Lottery for building plots in Tel Aviv, 1909..
(photo credit: Wikimedia Commons)
On April 11, 1909, Tel Aviv, the first modern Jewish city was founded.
Ever since the time of Bible, including appearances in the books of Joshua, Jonah and 2 Chronicles, there has been a presence in the city of Joppa, or Jaffa as it is called today.
In the Middle Ages, the port city changed hands multiple times from the Arabs to the Crusaders and Mamluks, but by the 1880s Jaffa became a well-protected Ottoman port city.
It wasn’t until the prophetic return to Zion in the late 19th century that Jews began settling the area adjacent to Jaffa. Yemeni Jews were some of the first to arrive, and soon after, large numbers of Jewish pioneers from Europe began cultivating the sand dunes.
With the arrival of more Zionists at the turn of the 20 century, in 1906, a group of Jewish residents of Jaffa and the nearby agricultural settlements founded a society with the intention of building a modern Jewish city in the Holy Land.
Three years later, after the society’s envoy finally was able to purchase the land and register the deeds with the Ottoman Empire, the Zionist pioneers gathered on April 11, 1909, on one of the Mediterranean’s bare beaches to receive their plots. Each member’s name was written on a sea shell, and one by one the 66 Jewish families received their own portion of the Holy Land. And thus, the building of the “first Hebrew city” was underway.
The name of the budding metropolis-to-be was stilled called after the society that the pioneers had founded – Ahuzat Bayit, meaning homestead. On May 21, 1910, though, after a long debate, a municipal committee decided that the city would be called Tel Aviv, after the verse in Ezekiel 3:15: “I came to the exiles who lived at Tel Aviv near the Kebar River. And there, where they were living, I sat among them for seven days--deeply distressed.”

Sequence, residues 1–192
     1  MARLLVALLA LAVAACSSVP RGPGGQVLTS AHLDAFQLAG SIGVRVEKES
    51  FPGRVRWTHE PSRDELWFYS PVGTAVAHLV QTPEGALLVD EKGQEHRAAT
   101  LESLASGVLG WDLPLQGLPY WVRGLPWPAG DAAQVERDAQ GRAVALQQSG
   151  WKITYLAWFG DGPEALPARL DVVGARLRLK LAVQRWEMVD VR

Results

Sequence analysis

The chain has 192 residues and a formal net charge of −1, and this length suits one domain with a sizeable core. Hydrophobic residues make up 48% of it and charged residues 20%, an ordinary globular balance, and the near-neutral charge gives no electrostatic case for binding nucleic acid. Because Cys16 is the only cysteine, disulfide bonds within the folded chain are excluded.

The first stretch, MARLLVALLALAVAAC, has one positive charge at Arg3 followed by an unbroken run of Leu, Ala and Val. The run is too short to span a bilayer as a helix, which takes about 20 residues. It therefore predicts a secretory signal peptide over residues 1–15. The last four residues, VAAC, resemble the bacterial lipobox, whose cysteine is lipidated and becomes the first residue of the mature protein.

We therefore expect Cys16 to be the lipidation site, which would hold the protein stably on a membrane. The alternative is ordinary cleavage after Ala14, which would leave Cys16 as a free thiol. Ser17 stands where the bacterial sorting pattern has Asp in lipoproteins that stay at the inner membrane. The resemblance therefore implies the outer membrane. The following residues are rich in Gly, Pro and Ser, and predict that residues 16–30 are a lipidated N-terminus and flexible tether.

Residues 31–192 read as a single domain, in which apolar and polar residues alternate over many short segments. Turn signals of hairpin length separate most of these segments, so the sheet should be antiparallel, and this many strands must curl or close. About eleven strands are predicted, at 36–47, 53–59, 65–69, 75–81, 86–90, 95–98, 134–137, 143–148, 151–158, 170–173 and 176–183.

The committee found that the name was extremely appropriate to express the idea of a Jewish renaissance and the fulfillment of the biblical prophecies of a return to Zion. The word “tel” means an ancient mound composed of remains of successive settlements, and “aviv” is the Hebrew word for spring, symbolizing renewal. The flag and city arms of the city also expressed the idea of renewal, containing a verse from Jeremiah 31:4: “I will build you up again, and you, Virgin Israel, will be rebuilt.”
Today, Tel Aviv has grown from those 66 families to a population of almost half a million people, and is considered one of the top 25 financial centers of the world. More than a million tourists annually visit the “city that never sleeps” to experience the city’s unique culture, cuisine and nightlife.
Tel Aviv-Jaffa is also home to a community of more than 4,000 Christians. Both Immanuel Church, a Protestant church in the city’s American–German Colony, and St. Peter’s Church, a Franciscan church in Jaffa, predate the founding of the city.
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